From the air, the Great Pyramid of Giza appears to have eight sides. This is due to a precise and substantial indentation in each side of the pyramid; no other pyramid was built in this manner. The four sides of the Giza pyramid are concave and match the curvature of the earth; again, no other pyramid was constructed in this manner. The overall weight of the Giza pyramid, when multiplied by 10^8 yields the approximate mass of the earth.
The Great Pyramid at Giza is situated at the center of the earth's land mass. The crossing of the east/west and north/south parallels occur in two places on earth, one of which is at the Great Pyramid.
© Benjamin - The Great Pyramid
The Great Pyramid is one of only three pyramids to have had a swivel door. Although the door weighed approximately 20 tons, it was easily opened from the inside. Due to the precise fit of the door, it was difficult to locate when outside the pyramid and even when located, it lacked a place to latch onto; variations in the stone on the exterior are the only indications of a nearby opening. The other two pyramids that contain doors belonged to Khufu's father and his grandfather.
© Olaf Tausch - Entrance to the Great Pyramid
Originally, the Great Pyramid of Giza was covered with 144,000 casing stones that were highly reflective as well as protective. Made of polished white Tura limestone, they reflected the sun's light and it is thought that they made the pyramid visible from space, thus the Egyptians' name for it, “Ikhet”, or glorious light. The casing stones were laid in an interlocking pattern and held together with bond stones. The construction is so tight on the casing stones that a knife blade would not fit between them. In order to assure the longevity of appearance, the bond stones were laid with the same precision.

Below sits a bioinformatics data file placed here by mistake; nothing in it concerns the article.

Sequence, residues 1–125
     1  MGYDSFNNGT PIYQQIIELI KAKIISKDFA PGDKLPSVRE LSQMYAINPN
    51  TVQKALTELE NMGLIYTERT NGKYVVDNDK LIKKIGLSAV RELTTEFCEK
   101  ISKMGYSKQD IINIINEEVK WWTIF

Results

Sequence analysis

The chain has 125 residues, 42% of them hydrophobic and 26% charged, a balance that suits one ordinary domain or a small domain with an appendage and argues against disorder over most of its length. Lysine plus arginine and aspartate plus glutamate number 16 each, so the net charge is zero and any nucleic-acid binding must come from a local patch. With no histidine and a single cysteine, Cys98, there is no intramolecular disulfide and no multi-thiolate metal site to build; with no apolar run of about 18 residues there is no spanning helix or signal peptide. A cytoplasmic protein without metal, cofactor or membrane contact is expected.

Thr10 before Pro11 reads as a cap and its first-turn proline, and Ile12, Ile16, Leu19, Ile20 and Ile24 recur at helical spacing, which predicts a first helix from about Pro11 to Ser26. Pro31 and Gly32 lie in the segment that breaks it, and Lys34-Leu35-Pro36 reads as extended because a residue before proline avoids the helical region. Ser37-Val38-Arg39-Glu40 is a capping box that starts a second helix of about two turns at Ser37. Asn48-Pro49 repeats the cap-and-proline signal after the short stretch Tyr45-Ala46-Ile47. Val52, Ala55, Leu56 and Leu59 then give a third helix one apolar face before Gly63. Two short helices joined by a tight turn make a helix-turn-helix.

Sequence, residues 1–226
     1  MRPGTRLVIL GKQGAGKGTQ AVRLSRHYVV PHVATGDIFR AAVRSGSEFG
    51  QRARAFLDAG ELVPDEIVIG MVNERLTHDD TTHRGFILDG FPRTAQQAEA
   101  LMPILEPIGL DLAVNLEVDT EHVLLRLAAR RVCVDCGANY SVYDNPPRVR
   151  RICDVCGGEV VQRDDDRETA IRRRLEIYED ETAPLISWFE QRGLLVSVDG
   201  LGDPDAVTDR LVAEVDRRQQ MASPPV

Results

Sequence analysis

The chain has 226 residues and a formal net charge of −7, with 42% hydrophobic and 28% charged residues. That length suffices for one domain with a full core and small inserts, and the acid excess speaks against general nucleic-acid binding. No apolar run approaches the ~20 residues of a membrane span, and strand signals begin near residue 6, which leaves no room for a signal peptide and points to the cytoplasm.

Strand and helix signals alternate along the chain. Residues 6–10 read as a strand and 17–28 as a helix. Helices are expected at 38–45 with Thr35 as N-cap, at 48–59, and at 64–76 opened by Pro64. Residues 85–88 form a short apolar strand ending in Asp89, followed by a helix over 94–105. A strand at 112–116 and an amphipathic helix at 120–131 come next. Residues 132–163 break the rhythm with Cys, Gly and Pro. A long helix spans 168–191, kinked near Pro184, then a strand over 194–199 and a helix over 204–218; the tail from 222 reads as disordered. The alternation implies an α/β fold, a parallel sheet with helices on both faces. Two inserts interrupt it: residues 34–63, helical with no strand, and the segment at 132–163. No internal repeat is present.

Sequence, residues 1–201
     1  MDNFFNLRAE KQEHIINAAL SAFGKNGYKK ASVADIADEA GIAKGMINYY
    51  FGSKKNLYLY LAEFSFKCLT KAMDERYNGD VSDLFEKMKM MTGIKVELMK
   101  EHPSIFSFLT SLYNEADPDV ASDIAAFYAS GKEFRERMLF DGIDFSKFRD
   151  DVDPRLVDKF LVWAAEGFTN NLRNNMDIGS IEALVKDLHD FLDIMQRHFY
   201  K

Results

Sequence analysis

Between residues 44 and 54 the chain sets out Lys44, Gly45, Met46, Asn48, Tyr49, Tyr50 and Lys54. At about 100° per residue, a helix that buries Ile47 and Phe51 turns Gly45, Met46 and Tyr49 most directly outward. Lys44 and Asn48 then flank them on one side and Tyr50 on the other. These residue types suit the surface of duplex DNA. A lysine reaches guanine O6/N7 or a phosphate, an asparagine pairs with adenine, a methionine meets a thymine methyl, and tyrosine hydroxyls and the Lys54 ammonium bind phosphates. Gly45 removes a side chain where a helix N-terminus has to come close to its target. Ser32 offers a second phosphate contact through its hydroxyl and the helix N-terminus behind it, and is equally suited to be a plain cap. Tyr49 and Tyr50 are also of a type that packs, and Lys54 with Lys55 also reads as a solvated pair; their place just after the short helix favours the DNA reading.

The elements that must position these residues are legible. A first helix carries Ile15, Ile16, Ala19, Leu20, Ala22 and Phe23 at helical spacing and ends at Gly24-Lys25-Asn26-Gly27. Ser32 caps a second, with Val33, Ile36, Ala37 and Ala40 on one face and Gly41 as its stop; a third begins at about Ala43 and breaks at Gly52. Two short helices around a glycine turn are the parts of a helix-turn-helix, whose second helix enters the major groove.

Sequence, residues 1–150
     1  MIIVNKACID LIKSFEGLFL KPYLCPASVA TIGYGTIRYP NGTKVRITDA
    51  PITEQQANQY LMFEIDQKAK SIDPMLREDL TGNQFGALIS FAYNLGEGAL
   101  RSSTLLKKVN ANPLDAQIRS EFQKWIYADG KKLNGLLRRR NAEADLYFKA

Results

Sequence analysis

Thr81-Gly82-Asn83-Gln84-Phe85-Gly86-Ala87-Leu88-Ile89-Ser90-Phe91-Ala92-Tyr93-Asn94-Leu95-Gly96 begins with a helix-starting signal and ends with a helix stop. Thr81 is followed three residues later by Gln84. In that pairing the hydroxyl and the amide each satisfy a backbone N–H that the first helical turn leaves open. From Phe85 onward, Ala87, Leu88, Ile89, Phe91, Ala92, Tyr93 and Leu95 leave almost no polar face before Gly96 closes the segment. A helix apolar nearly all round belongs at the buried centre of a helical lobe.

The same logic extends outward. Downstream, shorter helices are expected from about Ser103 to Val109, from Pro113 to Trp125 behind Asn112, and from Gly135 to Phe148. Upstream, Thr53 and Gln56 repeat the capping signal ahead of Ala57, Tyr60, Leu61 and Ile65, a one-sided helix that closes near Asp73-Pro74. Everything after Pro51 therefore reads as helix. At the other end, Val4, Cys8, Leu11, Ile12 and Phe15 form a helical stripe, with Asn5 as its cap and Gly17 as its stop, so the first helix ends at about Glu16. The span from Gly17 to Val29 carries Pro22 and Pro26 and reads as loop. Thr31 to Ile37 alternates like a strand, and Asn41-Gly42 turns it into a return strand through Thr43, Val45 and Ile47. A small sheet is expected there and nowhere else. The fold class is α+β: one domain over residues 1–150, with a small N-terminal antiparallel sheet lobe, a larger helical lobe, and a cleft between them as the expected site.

Not only did the casing stones provide a protective and beautiful mantle for the Great Pyramid, they provided structural integrity as well. In order to achieve the maximum structural integrity, the casing stones were not laid as decoration or as a mantle, but they were engineered to be an integral part of the structure of the pyramid.
A massive earthquake in 1303 AD loosened the casing stones and many were subsequently dislodged and stolen to be used for mosques and temples. The result has been that the Great Pyramid now has a rough exterior that has been eroded by the elements rather than the sleek and shimmering appearance it once had.
© bobthemagicdragon - The Great Pyramid, rough exterior we are familiar with
Interior Design, Symbolism, and Furnishings
The interior of the Great Pyramid of Giza is more elaborate than most other pyramids and has three main chambers: a lower chamber which remains unfinished, a middle chamber called the Queen's chamber, and an upper chamber called the King's chamber. Above the King's chamber are five smaller units called relieving chambers. Speculation is that these chambers were designed to protect the King's chamber in case the roof collapsed, particularly since one wall in the King's chamber is of limestone, which is a relatively soft rock. The relieving chambers are unfinished and apparently were intended to remain unseen.
Access to the pyramid is through an entrance 17 meters, or 56 feet, above the ground. Long, sloping corridors link the chambers and are separated at intervals by decorative doors and small anterooms. The interior remains a constant 20 degrees Celsius, or 68 degrees Fahrenheit, despite the sometimes blistering temperatures of the surrounding desert.